Again, in Your Career Questions Answered, Sam Muriuki posits: Holland (1997), asserted that career interest is an aspect of an individual’s personality. He talked of the Career Typological Theory, which summarises everything as RIASEC. ‘R’ stands for Realistic – people who like working with tools and machines – like farmers, pilots and surveyor. ‘I’ stands for Investigative – people who are interested in working with information – logic and concepts. It is where we find laboratory analysts, researchers, lawyers, et cetera. ‘A’ stands for Artistic – people who like to express their feelings and ideas. They are imaginative, creative and innovative. They show their shine and sheen in music, drama and art. It is the prominent place for thespians or actors, designers, composers, writers and painters. ‘S’ stands for Social – people in this world are warm and caring. They enjoy helping others. It is where we find nurses, counsellors and teachers. ‘E’ portends Enterprising. These are people who gyrate and gravitate towards action than mere thought. They enjoy managing people. They amount to sales representatives, principals, politicians, managers, lawyers, business executives and captains of corporates. Lastly, ‘C’ means Conventional. Such people tend to be orderly and organised. They love jobs with rubrics – rules and regulations. No wonder, they become secretaries and clerks.
As students think about careers to venture into, the factor of marketability must be considered. First, there is the marketability of the course. It is important to venture into a career with the hope of getting job placement and employment that brings enjoyment. In relation to this, it is important to note that there are courses that are outdated and obsolete. Some colleges and universities offer courses which are not accredited, which complicate matters when one is ripe to venture into world of work. Two, on marketability, it is said: there are no marketable careers, but there are marketable people. For instance, we have lawyers and journalists who are highly marketable. Therefore, when other lawyers and journalists recite lines of lamentation of how there are no jobs, some of these professionals who have built their brands with brilliance keep on climbing the lofty ladder of career progression.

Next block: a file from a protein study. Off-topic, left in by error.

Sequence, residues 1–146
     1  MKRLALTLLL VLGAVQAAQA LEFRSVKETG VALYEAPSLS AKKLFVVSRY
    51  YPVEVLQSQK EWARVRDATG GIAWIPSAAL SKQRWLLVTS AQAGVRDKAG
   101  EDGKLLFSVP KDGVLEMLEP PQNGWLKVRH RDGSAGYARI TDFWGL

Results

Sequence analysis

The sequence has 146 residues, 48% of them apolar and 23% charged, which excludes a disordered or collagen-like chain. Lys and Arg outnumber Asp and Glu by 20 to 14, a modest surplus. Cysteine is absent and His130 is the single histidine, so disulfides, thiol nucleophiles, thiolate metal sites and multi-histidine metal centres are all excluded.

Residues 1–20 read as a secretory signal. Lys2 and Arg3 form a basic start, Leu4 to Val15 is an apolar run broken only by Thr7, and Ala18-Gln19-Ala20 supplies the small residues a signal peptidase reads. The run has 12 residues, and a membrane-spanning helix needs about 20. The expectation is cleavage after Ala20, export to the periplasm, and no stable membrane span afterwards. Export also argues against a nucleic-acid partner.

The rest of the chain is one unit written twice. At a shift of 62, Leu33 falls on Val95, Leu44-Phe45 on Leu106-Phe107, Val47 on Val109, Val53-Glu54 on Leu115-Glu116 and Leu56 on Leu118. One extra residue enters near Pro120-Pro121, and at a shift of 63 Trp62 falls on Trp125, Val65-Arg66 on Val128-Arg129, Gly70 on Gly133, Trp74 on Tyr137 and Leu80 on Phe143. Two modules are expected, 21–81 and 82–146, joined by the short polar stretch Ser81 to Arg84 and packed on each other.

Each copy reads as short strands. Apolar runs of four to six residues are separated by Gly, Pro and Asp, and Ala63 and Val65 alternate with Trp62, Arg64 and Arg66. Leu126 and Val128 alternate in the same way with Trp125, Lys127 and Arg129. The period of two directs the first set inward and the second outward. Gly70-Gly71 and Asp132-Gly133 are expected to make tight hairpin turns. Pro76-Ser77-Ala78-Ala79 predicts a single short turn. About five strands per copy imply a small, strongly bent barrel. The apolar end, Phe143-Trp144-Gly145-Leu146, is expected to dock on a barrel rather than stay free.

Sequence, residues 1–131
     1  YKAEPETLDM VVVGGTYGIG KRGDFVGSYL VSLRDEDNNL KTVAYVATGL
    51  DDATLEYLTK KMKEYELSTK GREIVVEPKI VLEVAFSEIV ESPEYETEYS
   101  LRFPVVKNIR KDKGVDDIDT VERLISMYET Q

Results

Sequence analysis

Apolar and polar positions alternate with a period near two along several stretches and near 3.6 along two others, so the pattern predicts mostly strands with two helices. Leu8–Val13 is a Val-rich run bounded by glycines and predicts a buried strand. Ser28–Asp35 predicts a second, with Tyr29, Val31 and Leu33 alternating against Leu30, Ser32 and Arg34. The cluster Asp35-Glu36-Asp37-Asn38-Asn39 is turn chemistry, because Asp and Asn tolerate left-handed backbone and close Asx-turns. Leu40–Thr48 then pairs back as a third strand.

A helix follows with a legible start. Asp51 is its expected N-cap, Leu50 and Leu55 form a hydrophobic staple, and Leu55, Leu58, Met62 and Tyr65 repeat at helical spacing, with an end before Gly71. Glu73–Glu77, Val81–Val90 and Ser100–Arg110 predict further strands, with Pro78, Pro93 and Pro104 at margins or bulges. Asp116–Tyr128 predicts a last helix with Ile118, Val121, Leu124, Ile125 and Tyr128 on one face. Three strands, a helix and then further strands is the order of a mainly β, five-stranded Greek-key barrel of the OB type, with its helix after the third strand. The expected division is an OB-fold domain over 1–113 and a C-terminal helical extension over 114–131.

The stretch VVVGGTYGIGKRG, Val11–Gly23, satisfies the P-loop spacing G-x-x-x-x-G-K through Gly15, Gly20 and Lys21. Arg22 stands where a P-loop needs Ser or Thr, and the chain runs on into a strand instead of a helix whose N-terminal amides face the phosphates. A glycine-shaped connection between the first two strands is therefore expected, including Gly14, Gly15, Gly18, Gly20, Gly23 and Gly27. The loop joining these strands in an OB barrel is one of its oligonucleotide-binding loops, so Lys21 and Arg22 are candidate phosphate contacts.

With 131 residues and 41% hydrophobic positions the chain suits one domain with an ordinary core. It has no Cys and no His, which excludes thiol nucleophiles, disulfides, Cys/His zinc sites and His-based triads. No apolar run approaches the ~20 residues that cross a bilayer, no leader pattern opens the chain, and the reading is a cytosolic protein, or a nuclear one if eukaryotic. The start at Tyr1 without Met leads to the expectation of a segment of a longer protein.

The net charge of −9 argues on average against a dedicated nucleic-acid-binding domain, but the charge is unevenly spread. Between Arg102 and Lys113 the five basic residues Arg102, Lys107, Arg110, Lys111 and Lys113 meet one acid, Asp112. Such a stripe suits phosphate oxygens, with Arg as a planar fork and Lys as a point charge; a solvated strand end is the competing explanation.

Passion is when what you do, is what you love, and what you love, is what you do. So, it is good to align your career to your passion. Passion is the spark for your fuse. No wonder, Henry Fredrick Amiel penned: “Without passion man is a mere latent force and a possibility, like the flint that awaits the shock of the iron before it can give forth its spark.”
In your career path, fulfilling God’s plan for your life is passion, or it is nothing at all. My passion is welding words? What about you? The earlier you discover your passion and mission, the better. Think of Tim Redmond’s observation, “There are many things that will catch my eye, but there are only very few that will catch my heart. It is those I consider to pursue.”
When you add passion to a belief, it becomes a conviction. Confident conviction helps people to achieve great feats in life. When you are fired up by some mission and passion, you can fly high. Mike Murdock put it aptly, “What generates passion and zeal in you, is a clue to revealing your destiny. What you love is a clue to what you contain.”
Ideally, passion drives you when you adhere to the words of the wise man – Solomon. In Ecclesiastes 9:10, he penned: “Whatever your hand finds to do, do it with all your might.”
The writer rolls out Career Talks and Training Services.